Now I’ve got the best of both worlds and on most days, my shelter doesn’t even go up until the sun goes down and I start getting cold. Then 30 seconds later I’m sitting in a wind-protected, 75 degree cocoon of warmth and ambient lighting eating a hot dinner grin

    broeker
    Participant
    Minneapolis, MN
    Posts: 186
    #2176206

    I get you stay nice and warm. But what keeps the hole open. No way u have a bobber down next to a jig in 10 degrees

    Haha, funny you should ask. I rarely fish with a bobber but on colder nights I was getting annoyed by how quickly my holes were freezing over. This was solved by re-purposing a kayak leash and adding a custom roof hook for my ice scoop.

    Now it dangles inches from my right arm, and every 15 minutes or so I lazily stir my holes and then just have to let go and my scoop pops back into place for the next go-around.

    Attachments:
    1. PXL_20230125_202317242-scaled.jpg

    Bearcat89
    Participant
    North branch, mn
    Posts: 10355
    #2176210

    That dead stick next to the jig is the walleye getter for me half the time. I like the idea and glad it works for you. It wouldn’t fit my fishing style. But it’s a cool design.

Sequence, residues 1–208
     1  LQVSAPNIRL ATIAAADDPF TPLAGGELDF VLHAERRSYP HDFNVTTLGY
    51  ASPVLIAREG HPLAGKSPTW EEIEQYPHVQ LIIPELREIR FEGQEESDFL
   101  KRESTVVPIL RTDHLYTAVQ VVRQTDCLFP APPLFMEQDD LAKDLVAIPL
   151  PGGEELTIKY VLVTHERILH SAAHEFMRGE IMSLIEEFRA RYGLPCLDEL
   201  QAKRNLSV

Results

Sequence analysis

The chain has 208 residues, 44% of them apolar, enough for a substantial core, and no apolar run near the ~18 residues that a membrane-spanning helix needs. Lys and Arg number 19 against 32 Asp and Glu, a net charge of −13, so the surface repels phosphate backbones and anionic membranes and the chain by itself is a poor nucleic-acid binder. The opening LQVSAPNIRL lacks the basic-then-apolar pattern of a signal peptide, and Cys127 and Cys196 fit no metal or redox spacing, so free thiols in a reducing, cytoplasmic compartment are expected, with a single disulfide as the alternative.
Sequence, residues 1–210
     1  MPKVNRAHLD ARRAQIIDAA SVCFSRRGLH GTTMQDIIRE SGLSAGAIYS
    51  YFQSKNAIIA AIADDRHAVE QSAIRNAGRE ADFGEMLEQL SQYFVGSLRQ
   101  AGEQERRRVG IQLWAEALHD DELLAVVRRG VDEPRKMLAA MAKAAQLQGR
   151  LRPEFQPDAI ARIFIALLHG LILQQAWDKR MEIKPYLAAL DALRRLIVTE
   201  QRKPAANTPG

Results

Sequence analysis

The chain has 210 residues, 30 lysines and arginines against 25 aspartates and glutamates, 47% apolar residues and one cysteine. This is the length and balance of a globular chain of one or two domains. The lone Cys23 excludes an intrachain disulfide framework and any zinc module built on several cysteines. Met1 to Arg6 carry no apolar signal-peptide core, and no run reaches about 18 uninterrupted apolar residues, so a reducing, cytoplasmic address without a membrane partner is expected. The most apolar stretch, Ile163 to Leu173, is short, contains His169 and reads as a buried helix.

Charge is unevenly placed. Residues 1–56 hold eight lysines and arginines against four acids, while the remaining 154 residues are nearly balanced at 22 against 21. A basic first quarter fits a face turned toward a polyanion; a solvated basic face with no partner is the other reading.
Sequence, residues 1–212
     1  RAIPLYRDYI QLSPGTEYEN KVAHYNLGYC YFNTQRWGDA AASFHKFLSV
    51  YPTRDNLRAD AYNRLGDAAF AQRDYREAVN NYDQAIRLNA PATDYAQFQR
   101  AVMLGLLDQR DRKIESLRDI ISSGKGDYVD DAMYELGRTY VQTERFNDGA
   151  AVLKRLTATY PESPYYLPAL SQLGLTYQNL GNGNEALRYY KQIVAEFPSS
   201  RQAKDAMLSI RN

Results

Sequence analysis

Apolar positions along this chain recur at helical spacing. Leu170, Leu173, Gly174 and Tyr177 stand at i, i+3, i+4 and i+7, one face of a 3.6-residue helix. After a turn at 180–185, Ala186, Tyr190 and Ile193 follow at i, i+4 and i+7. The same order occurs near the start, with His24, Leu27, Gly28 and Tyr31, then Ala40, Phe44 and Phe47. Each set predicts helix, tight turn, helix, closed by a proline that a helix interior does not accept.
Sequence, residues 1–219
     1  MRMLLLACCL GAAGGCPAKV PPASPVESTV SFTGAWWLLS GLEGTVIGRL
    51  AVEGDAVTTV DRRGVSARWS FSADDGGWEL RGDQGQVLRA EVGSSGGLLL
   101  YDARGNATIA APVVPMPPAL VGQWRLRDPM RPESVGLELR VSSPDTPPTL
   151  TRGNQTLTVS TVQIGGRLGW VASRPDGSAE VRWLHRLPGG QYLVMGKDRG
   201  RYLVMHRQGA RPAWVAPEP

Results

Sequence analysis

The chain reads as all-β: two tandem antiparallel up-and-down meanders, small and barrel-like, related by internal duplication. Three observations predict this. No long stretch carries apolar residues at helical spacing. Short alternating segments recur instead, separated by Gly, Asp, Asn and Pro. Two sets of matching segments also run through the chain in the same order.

A small 2 man on a schmitty would be light weight, easy to pull and have the same exact purpose. But more functional in the cold. Have you ever thought about going that route ?

    John Rasmussen
    Participant
    Blaine
    Posts: 2443
    #2176230

    Being zipped up in a dark shelter for hours always bothered me a bit, especially on those cold but bright sunny days that are so rare during winter.

    Don’t get me wrong it does suck to sit in the portable for hours. Glad it works for you, not doubting your temps but it seems like it would not stay that warm with the door open.

    BigWerm
    Participant
    SW Metro
    Posts: 6978
    #2176239

    I get you stay nice and warm. But what keeps the hole open. No way u have a bobber down next to a jig in 10 degrees. Or are you fully dependent on a ice defense

    Nothing a tip up and ice defender (or whatever) in the jigging hole can’t fix. Looks cool to me broeker!

    bullcans
    Participant
    Lake Mills, IA
    Posts: 1665
    #2176285

    I like your attitude Broeker!
    If you like it and have been having fun building it, and have created something better for your experiences then good for you! And that’s all that matters.

    Keep it going and I like that you have a positive answer for all the Naysayers comments. waytogo